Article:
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The Massachusetts SJC hears arguments in a case discussing searches and seizures of firearms based on anonymous tips.

The Massachusetts Supreme Judicial Court heard oral arguments on December 5, 2022, in a case that discussed searches and seizures from a vehicle at one’s workplace based on anonymous tips. The defendant filed a motion to suppress the evidence found as a result of the search of his vehicle on the basis it was unlawful, and the court denied it. The defendant had two arguments as to why the previous court erred in ruling the Commonwealth did not violate Guardado’s 4th and 14th amendment rights and protection under Article 14 of the Massachusetts Declaration of Rights. First, the Commonwealth failed to demonstrate either the credibility of their informant or the credibility of the information, thus violating the Aguilar-Spinelli test, and also that the Commonwealth refused to instruct the jury about the exemption from liability that occurs when individuals have a firearm “in or on their place of business.”

Under the Aguilar-Spinelli test established by the US Supreme Court, police are required to demonstrate that an informant is credible or that their information is credible when they use that info to conduct a search warrant or warrantless arrest. Although this standard was abandoned by the Supreme Court in Illinois v. Gates and replaced by a “totality of the circumstances” approach, Massachusetts is one of the few states that has adopted this standard based on their own state constitution. In Guardado’s case, the officers searched the glovebox of his vehicle at his place of work based on an anonymous informant telling them a firearm was in a backpack within his vehicle. There were four reasons the search was improper:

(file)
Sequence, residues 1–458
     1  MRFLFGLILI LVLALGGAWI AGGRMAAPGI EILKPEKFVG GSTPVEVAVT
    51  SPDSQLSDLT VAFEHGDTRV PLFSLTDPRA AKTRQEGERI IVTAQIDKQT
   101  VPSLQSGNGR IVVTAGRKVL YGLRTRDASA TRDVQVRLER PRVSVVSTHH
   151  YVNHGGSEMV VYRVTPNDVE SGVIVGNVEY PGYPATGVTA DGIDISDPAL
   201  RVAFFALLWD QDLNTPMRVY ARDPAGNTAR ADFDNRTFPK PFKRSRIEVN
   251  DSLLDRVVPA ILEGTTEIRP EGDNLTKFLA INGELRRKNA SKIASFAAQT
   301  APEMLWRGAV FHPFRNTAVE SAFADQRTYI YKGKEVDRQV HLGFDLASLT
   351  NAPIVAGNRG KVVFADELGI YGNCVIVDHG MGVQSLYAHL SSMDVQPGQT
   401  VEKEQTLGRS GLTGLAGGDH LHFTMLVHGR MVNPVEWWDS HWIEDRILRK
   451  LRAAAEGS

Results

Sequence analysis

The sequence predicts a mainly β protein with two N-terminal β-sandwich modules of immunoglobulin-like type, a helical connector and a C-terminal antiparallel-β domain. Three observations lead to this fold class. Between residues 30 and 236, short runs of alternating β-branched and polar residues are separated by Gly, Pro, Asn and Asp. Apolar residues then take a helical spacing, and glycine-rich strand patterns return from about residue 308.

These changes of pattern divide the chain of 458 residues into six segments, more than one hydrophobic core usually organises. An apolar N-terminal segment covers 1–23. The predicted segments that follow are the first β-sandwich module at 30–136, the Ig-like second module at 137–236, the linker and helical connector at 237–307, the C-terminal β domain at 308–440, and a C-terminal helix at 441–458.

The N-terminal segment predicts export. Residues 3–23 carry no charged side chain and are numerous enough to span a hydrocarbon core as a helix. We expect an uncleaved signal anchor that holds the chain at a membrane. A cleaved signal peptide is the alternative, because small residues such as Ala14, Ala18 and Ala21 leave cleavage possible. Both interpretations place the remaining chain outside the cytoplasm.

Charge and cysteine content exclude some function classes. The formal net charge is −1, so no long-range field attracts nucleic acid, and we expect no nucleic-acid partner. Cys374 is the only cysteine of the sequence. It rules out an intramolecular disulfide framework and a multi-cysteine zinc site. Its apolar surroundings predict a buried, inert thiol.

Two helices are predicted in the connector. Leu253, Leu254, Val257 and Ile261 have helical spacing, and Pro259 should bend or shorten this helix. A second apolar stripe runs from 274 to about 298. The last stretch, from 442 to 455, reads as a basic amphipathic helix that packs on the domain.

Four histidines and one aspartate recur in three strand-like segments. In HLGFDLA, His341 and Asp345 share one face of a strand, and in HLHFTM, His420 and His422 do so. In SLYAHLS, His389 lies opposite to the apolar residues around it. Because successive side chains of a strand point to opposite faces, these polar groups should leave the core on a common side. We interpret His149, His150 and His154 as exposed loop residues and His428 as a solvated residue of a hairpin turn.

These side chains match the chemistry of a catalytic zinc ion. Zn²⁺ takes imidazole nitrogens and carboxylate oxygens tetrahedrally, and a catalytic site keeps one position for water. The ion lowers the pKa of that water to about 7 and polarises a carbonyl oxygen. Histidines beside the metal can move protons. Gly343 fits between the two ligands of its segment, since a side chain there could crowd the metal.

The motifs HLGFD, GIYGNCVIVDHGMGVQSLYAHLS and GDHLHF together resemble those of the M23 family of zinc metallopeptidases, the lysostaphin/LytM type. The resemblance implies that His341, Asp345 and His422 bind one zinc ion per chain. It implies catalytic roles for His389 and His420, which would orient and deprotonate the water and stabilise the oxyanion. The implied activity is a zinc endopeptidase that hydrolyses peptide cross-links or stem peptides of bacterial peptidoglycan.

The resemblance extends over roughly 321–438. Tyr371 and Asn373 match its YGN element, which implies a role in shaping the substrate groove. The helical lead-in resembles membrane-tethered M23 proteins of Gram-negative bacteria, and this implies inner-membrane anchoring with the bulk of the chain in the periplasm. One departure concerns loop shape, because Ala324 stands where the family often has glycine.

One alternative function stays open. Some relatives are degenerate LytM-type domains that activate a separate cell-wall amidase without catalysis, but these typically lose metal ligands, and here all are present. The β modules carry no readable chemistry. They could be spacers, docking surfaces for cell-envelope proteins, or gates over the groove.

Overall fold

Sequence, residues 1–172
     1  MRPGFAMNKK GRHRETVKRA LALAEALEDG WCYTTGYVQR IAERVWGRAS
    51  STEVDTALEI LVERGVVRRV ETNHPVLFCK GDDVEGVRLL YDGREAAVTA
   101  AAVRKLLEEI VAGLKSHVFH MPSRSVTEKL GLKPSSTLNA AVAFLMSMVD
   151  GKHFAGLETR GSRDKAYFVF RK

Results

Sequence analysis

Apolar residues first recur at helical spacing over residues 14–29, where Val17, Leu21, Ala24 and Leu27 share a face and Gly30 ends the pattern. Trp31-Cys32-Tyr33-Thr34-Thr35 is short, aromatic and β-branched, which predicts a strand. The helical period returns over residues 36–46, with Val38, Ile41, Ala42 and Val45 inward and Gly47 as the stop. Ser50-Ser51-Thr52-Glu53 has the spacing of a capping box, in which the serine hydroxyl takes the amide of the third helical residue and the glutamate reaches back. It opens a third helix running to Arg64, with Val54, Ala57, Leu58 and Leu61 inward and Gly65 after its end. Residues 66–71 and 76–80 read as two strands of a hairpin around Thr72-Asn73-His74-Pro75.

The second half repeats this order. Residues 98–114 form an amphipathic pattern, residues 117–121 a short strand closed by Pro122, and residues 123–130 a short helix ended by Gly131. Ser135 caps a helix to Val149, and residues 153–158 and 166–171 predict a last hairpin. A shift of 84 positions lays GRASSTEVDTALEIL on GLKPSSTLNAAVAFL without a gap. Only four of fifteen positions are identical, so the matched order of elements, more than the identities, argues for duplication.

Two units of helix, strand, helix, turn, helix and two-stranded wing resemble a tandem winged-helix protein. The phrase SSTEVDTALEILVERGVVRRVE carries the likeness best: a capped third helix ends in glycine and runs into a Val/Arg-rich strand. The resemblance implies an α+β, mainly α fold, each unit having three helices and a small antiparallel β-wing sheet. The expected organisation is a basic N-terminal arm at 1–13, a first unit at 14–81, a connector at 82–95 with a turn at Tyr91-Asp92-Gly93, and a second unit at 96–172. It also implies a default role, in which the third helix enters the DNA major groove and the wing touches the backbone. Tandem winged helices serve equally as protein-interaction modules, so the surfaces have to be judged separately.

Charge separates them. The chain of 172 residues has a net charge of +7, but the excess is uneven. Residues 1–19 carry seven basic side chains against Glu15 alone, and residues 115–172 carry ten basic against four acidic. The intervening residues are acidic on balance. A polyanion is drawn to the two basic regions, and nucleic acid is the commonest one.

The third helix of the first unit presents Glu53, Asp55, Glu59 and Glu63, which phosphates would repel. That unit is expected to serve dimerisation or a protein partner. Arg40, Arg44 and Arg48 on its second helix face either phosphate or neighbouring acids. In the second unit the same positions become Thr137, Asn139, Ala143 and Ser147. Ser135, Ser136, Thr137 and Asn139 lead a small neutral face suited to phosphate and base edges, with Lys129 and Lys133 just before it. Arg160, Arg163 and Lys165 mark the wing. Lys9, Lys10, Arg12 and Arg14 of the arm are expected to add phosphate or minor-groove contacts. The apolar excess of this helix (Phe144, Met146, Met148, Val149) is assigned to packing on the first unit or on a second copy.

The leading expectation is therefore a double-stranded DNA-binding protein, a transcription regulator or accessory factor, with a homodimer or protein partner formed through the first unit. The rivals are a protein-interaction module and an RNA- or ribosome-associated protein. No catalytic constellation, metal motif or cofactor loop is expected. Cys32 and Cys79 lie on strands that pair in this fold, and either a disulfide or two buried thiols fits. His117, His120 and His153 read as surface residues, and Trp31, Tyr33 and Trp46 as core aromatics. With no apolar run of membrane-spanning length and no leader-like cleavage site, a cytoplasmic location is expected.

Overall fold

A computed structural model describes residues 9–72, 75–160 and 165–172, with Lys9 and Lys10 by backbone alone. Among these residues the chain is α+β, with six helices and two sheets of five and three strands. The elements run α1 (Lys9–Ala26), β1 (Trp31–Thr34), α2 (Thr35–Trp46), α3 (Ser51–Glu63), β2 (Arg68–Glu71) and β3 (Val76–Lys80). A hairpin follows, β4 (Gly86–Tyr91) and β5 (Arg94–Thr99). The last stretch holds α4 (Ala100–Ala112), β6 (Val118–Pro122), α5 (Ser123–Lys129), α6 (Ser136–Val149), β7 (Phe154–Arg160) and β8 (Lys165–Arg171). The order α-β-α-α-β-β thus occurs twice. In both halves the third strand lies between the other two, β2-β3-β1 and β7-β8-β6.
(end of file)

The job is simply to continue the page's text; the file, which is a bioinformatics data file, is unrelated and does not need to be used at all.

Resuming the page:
1. The evidence didn’t establish the informant’s veracity or if he had firsthand knowledge of the info, as required under Aguilar-Spinelli
  2. Even if the prongs of Aguilar were established, the tip didn’t support searching the glovebox (tip specified firearm was in a backpack which doesn’t reasonably fit in a glovebox)
  3. Even if probable cause for the glovebox was established, it was the result of an unlawful search/patfrisk of the defendant (pat frisked for his keys after finding no backpack in the vehicle)
  4. The Government failed to either: establish probable cause to search the backpack, get a warrant, establish it fell under a warrant exception, or prove that the backpack search occurred before the search of the glovebox.

The justices determined the Commonwealth didn’t satisfy the Aguilar-Spinelli test. The informant’s information could have been observed by any bystander, and the tip that the firearm was in a backpack proved to be false. As for the credibility of the informant, the lower court relied on prior tips he had made to the police, relying on resulting arrests, but for the prong to be satisfied, the arrests had to be firearm related, and they weren’t. Because the government failed to meet both prongs of Aguilar-Spinelli, the court determined that the lower court erred in denying the motion to suppress the evidence recovered from Guardado’s vehicle.

Lastly, defense counsel asked that the jury be instructed of the exemption for liability if Guardado was at his place of business when he possessed the firearm, and the court denied the request. The jury even raised a question regarding whether Guardado had to be outside his business to be criminally liable, and the court said, “as a matter of law, I ruled that exemption does not apply in this case.” The appeals court determined this was improper because this was a question of fact for the jury to decide and failing to adequately inform the jury of this created a substantial risk of a miscarriage of justice.

To learn more, reach out to Attorney Delsignore by calling or texting 781-686-5924.

 

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